Service providers now realize the valuable asset that they hold in the data and analytics that sit in their mobile and Wi-Fi networks. At least four different providers around the world (Verizon, Telefonica, Sprint, and SK Telecom) have set up separate business units to monetize this valuable network and user data. These units are collecting, analyzing, and packaging this rich data for sale to third parties to be used for marketing, operations, and strategic reasons. Operators are selling a range of services from one-time reports or data subscription services to ongoing query-able data platforms.
Although still very early in use of this business model, Cisco analysis reveals that selling unique network and user data analytics represents a potential multimillion dollar new business for many service providers.

Retail Store Interactions

Despite concerns of show-rooming and loss of in-store sales to online purchases, many leading retailers are embracing mobility and including it as an integral part of their strategies. And many are outfitting their stores with public Wi-Fi access as a cornerstone of those strategies. Retailers are combining the location and user information from the Wi-Fi access points together with customer relationship management (CRM) and customer loyalty data to provide personalized experiences and offers to shoppers at points ofpurchase in the stores. Equally, retailers are combining location-based services and shopper services to provide additional product information and help customers navigate throughout the store. Our research confirms that shoppers are interested in an enhanced in-store shopping experience (52 percent were either somewhat or very interested) because they thought that it would make them more efficient and enhance their shopping experience 19. Mobile users particularly liked the idea of personalized deals and coupons that would be presented when they were looking to buy something, rather than before or after as is now typically done.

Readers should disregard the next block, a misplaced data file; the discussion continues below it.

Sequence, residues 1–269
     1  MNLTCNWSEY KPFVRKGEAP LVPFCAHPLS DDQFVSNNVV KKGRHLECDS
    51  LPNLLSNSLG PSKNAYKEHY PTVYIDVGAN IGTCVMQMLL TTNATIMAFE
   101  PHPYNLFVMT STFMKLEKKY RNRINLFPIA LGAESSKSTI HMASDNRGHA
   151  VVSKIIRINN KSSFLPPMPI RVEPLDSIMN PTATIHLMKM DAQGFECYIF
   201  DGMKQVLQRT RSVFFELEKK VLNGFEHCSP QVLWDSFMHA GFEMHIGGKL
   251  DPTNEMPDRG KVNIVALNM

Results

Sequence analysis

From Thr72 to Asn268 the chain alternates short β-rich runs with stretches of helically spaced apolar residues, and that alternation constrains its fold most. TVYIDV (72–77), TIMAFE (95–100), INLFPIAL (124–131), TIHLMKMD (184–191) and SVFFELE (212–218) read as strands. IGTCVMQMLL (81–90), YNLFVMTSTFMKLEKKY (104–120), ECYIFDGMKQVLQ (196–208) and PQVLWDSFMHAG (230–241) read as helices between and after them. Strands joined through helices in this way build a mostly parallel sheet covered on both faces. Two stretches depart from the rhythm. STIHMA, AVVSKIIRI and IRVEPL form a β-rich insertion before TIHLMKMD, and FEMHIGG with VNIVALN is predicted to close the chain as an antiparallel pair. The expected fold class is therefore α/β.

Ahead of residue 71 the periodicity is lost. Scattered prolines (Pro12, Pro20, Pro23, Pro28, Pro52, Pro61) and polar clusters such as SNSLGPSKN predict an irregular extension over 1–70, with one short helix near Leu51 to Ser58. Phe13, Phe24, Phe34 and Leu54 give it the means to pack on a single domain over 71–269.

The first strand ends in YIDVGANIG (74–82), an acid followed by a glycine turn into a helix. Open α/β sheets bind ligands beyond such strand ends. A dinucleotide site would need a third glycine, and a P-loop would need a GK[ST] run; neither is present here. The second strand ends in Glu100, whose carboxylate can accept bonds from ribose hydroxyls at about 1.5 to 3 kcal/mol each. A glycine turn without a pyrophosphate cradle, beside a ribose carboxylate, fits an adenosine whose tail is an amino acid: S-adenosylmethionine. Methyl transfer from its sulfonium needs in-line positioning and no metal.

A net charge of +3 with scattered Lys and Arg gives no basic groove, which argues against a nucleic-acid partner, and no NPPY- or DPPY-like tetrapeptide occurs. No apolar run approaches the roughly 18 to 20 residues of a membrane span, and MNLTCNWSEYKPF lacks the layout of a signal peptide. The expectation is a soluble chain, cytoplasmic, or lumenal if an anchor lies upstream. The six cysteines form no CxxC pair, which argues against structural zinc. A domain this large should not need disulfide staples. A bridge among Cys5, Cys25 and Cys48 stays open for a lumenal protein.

Retailers are also experimenting with using Wi-Fi-enabled check-out and payments to streamline the check-out process and make it more customer-friendly. Finally, mobility gives retailers an opportunity to improve store operations,reduce costs, and improve the shopping experience to make them more competitive with online alternatives. For example, Wi-Fi-enabled devices and applications allow store associates to be more flexible, knowledgeable, and available to serve customers.

Sporting and Special Venues